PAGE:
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Tuesday, March 11, 2014

What is God's name? (Part II)

Of course, the answer to that question is yes. When Moses went to examine the burning bush and found God waiting to speak to him, he asked God about his name. We read: “And Moses said unto God, Behold, when I come unto the children of Israel, and shall say unto them, The God of your fathers hath sent me unto you; and they shall say to me, what is his name? What shall I say unto them? And God said unto Moses, I am that I am: and he said, Thus shalt thou say unto the children of Israel, I AM hath sent me unto you. And God said moreover unto Moses, Thus shalt thou say unto the children of Israel, The Lord God of your fathers, the God of Abraham, the God of Isaac, and the God of Jacob, hath sent me unto you: THIS IS MY NAME FOR EVER, and this is my memorial unto all generations.” Exodus 3:13-15
In answering a rather straightforward question by Moses, God used a number of names to refer to himself in this scripture. First, he tells Moses that he is the “I AM” or the “Hayah” in Hebrew. It is the verb "to be" and implies "THE ONE WHO EXISTS" or "THE ONE WHO IS." God is making a definitive statement to Moses about his identity, while also conveying to the man before him that he was beyond his own concept of what a name means. Then he goes on to identify himself as “The One Whom Your Ancestors Worshiped.” God concludes his answer to Moses by stating that THIS IS THE NAME WHICH HE HAD CHOSEN for the Israelites to use in referencing him for all time.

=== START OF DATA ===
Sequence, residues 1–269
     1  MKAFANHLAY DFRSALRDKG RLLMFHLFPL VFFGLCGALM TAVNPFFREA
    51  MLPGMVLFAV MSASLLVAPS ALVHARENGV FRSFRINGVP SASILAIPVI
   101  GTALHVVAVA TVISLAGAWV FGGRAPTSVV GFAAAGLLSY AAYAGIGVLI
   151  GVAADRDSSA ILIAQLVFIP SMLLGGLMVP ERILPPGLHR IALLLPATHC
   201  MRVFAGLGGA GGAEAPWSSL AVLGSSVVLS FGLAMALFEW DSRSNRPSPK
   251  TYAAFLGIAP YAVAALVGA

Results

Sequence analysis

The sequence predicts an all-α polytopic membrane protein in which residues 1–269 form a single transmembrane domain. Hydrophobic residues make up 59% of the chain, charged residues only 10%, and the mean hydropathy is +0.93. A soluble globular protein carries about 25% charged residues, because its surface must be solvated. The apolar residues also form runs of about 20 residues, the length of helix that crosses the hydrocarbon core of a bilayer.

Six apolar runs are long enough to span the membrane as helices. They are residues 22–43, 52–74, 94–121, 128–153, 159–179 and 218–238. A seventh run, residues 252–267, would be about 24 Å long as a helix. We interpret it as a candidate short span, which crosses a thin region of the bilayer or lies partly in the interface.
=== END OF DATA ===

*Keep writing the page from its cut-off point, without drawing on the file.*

A little later, God told Moses, “I am the Lord (Yehovah).” Exodus 6:2 He went on to reveal that this was the first time he had chosen to identify Himself by that name to his people. We read: “And I appeared unto Abraham, unto Isaac, and unto Jacob, by the name of God Almighty (El Shaddai), but by my name Jehovah (Yehovah) was I not known to them.” Exodus 6:3
We should interject here that many people have claimed that “Jehovah,” “Yehovah” or “Yahweh” is God’s only personal name. In fact, they assert that this is God’s sacred name, and the only name which is truly proper to use in addressing the Divine.
Nevertheless, this scripture makes it clear that the Hebrew patriarchs never used this name to address their God. They did not even know about it! Yet the same One who is telling Moses about this name accepted their use of “El Shaddai”. In fact, he made his covenant with these individuals and made his promises TO THEM. Hence, it cannot be argued that it is essential to use “Yehovah” or “Yahweh” in dealing with or addressing God.
It should also be noted here that Scripture was not preserved in a single language. Although the Old Testament was preserved in Hebrew, the New Testament was preserved in Greek. This made sense, because Greek was the universal language of the Eastern Roman Empire during the time of Christ and the founding of his church. Greek was the language of the elite and the educated.